Global Reaction

Awareness of the role of the U.S. war plan in spurring the dramatic escalation of North Korea’s missile program should be a game changer in the world’s response to the crisis over Korea, since it demonstrates that the current acceleration of the North Korean missile program is a defensive response to a serious and potentially existential threat from the United States.

If the United Nations Security Council was not diplomatically and militarily intimidated by the United States, this knowledge should trigger urgent action in the Security Council to require all sides to make a firm commitment to peaceful and binding diplomacy to formally end the Korean War and remove the threat of war from all the people of Korea. And the whole world would unite politically and diplomatically to prevent the U.S. from using its veto to avoid accountability for its leading role in this crisis. Only a unified global response to potential U.S. aggression could possibly convince North Korea that it would have some protection if it eventually halted its nuclear weapons program.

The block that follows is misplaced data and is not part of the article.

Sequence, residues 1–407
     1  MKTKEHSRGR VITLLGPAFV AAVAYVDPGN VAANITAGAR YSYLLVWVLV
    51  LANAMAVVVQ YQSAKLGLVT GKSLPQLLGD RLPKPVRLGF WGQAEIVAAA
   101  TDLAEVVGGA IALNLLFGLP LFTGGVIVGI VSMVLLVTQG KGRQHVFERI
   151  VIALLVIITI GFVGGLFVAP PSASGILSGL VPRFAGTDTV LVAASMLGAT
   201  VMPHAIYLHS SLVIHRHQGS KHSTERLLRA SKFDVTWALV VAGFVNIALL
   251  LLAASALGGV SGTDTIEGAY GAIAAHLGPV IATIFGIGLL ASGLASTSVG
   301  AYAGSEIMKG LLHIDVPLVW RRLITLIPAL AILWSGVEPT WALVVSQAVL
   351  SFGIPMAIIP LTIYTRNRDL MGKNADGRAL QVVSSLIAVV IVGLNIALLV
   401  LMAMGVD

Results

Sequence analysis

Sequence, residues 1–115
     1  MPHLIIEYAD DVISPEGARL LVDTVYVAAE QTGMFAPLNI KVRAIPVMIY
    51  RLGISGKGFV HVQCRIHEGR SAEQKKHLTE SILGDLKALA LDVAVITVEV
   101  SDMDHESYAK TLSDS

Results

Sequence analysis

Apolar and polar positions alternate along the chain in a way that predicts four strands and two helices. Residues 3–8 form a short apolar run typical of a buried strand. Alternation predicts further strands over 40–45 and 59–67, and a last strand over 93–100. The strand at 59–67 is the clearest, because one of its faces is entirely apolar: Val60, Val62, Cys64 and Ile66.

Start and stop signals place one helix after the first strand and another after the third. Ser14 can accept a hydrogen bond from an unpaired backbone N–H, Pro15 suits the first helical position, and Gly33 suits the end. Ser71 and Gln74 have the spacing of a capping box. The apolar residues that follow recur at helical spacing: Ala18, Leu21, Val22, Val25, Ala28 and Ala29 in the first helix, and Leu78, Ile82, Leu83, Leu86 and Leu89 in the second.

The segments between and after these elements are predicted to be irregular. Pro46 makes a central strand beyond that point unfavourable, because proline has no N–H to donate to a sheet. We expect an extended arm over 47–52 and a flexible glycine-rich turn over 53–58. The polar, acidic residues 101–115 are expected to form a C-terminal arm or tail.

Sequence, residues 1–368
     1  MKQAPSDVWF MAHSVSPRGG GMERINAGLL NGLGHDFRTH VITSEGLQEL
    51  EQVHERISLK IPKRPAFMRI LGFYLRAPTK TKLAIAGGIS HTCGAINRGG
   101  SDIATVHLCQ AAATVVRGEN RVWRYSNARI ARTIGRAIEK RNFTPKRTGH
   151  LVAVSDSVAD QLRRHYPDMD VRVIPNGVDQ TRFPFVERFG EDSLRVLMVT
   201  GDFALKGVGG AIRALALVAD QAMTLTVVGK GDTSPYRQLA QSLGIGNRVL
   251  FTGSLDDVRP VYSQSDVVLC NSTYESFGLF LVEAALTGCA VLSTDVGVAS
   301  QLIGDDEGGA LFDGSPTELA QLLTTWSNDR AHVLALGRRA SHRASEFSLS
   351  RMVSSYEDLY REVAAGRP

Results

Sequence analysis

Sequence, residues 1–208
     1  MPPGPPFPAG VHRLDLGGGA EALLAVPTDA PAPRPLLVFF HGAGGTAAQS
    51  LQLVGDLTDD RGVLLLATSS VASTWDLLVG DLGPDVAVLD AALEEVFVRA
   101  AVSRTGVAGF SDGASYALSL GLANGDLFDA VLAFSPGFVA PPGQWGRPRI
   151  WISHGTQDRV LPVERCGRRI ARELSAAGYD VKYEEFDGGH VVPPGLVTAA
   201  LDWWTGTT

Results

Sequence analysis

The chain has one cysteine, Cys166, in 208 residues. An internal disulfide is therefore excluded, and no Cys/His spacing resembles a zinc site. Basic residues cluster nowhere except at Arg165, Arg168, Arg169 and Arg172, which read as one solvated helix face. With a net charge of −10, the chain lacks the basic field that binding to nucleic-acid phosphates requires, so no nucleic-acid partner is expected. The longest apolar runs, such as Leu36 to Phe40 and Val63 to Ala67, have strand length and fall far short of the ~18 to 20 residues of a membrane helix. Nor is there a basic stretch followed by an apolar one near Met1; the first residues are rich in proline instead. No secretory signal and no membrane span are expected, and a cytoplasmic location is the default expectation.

But such unity in the face of a threat of U.S. aggression would be unprecedented. Most U.N. delegates quietly sat and listened on Sept. 19 when President Donald Trump delivered explicit threats of war and aggression against North Korea, Iran and Venezuela, while boasting about his missile strike against Syria on April 6 over dubious and disputed claims about a chemical weapons incident.